The Hiphop Archive looks less like a research space and more like a well-kept living room. The walls are lined with numerous display cases, one for VHS tapes, one for books, and one for action figures. Sleeves of old vinyl hip-hop records run along the baseboards.
A big couch and a couple of chairs face a large flat-screen television. A few of the archive’s student research assistants lounge around, writing papers on their laptops or listening to hip-hop. Above the television, on a shelf, sits a collection of iconic hip-hop paraphernalia: a turntable, multicolored cans of spray paint, a boom box. A fully functional DJ station resides in one corner.
The space is, in short, hip. It feels perfectly suited for the work its researchers are doing: It is not so buttoned up as to be stifling, nor is it relaxed enough to imply that what goes on here is anything less than serious scholarship.
It may seem incongruous to devote an academic research center to a popular art form such as hip-hop, but the location of the Hiphop Archive itself is even more so: Harvard University. The Hiphop Archive ultimately raises question about the art form itself. What lies beneath the surface of this popular entertainment to merit such focus? Why does the Hiphop Archive belong within the ivy-covered walls of Harvard?
A slideshow on the wall of Ticknor Lounge scrolls through pictures of female hip-hop artists. Some are posed modestly, like Queen Latifah, and others provocatively, like Nicki Minaj.
This display is the background for a discussion entitled “Feminism and Hip-hop,” hosted by the Association of Black Harvard Women, Latinas Unidas de Harvard College, and the Harvard College Women’s Center. The event is a part of Women’s Week 2012 and exemplifies the type of scrutiny that hip-hop receives at Harvard. The genre is typically examined through the lens of another theory; this afternoon, it is feminism.
Marcyliena Morgan, a professor of African and African American studies who directs the Hiphop Archive, moderates the discussion. Morgan begins the event by listing of female archetypes in hip-hop: the intelligent but frigid woman, the “sister with attitude”, the lesbian femcee. A central question underlies the discussion: How can love of hip-hop be rationalized with its rampant misogyny?
This question meets an uncomfortable pause. Morgan eases up, instead asking the students to consider what the ideal hip-hop feminist role model would be. Then the discussion takes off. The students rattle off their conceptions of this role model; she is independent, introspective; she has agency, self-respect, and confidence.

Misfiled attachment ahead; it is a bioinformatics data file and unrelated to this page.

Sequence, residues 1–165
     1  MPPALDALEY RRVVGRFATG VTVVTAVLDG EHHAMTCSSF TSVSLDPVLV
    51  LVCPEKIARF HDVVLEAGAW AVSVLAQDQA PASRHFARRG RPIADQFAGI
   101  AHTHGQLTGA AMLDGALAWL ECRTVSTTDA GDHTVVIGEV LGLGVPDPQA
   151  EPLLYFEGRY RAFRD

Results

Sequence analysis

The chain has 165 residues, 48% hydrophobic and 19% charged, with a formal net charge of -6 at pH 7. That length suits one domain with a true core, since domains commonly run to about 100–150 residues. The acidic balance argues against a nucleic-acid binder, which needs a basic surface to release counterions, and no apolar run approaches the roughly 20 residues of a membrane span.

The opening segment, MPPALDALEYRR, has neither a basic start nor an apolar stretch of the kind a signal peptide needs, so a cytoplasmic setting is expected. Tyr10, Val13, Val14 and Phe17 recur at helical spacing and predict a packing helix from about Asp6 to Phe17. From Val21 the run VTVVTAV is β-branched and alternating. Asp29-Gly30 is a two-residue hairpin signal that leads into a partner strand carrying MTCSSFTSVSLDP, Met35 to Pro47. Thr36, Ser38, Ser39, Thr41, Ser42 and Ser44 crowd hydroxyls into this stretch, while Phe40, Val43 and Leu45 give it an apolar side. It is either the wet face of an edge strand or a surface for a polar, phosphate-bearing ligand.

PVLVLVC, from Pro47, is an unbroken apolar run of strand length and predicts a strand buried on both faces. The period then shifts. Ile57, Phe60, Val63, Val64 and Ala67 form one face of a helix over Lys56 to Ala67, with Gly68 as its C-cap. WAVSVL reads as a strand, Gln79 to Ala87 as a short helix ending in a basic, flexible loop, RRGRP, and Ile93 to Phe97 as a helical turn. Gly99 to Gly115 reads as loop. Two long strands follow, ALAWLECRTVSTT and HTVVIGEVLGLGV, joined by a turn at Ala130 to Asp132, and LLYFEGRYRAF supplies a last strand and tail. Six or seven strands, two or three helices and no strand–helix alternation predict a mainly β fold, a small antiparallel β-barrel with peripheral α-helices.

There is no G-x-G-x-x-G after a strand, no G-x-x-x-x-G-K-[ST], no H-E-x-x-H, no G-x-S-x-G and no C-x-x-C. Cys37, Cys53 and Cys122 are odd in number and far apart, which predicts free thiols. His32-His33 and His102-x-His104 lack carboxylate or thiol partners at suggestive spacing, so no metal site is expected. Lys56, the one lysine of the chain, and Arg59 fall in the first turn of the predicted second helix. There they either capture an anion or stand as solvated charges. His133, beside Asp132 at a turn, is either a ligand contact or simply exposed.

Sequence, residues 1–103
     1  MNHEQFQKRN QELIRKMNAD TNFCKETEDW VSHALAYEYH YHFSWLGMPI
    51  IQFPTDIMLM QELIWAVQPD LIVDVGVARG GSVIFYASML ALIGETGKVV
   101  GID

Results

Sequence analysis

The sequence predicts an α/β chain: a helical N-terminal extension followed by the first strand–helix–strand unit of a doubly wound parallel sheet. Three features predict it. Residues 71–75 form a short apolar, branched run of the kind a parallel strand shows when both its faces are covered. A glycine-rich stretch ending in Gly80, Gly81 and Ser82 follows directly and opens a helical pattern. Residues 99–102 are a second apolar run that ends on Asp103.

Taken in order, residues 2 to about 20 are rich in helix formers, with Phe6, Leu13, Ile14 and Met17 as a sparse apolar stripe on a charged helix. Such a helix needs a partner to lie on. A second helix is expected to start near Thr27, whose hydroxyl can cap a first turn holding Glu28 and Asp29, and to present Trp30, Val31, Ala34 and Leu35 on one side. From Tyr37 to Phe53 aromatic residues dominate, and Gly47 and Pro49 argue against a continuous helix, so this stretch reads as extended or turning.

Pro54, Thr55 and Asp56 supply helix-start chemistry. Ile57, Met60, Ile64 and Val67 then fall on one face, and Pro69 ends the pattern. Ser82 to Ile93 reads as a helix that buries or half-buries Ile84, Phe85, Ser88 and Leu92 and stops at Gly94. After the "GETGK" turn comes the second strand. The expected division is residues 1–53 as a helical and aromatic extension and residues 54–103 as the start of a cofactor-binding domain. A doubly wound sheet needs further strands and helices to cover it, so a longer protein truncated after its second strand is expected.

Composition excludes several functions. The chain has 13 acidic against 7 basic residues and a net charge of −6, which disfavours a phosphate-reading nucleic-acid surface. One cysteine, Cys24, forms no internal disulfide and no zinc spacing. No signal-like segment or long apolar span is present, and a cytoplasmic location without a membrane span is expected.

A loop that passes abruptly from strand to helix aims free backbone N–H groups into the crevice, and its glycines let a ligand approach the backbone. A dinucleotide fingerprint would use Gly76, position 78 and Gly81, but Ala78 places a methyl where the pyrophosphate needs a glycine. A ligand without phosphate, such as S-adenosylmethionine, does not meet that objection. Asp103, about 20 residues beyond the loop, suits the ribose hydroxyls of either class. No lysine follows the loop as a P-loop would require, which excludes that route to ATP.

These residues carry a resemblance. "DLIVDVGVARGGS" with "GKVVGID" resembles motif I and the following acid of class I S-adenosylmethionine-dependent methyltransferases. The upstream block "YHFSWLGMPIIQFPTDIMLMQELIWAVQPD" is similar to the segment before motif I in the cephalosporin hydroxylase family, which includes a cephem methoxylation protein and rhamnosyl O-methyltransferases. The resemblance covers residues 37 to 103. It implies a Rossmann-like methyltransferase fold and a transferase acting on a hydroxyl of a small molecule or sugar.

One student points out that this hypothetical woman is defined by her relationship to men. And then the discussion tackles men’s role in women’s objectification in hip-hop. The students question whether this approach—men leading efforts against misogyny—is inherently problematic or even entirely effective.
The lively discussion needs little moderation from Morgan. The students’ engagement with the topic may be due to the bare skin popping up on the wall of the lounge, but perhaps the cause for clamor is the potential for analysis and debate over rap music.
BEAT AND PULSE
Feminism is just one of many lenses used to examine hip-hop. The fields run the gamut in the social sciences and humanities, and the intersections can yield unexpected food for thought. Allyson M. Mcginty ’13, a student researcher at the Archive, is working on a junior project on homophobia and gender performance in hip-hop. Mcginty’s subject of study is probably more titillating than most: Nicki Minaj.
“I’m looking at whether Nicki Minaj’s hyper-sexuality through her body and her appearance promotes rigid gender types, and then whether that enforces ideas of homophobia within hip-hop,” Mcginty says. She is also examining Minaj’s gay male alter ego, Roman Zolanski, and whether her performance of a man plays into her hyper-sexuality or complicates it.
The overlap between hip-hop and social inquiry can also be found in Harvard’s classrooms. Laurence A. Ralph, an assistant professor of African and African American studies and anthropology, has designed an entire course with hip-hop in mind—African American Studies 102: “The Hip-hop Generation and Post-Civil Rights Black Politics.” Its curriculum does not focus solely on hip-hop, but the art form is deployed as a tool to examine how the younger generation responds to the expectations of the older generation.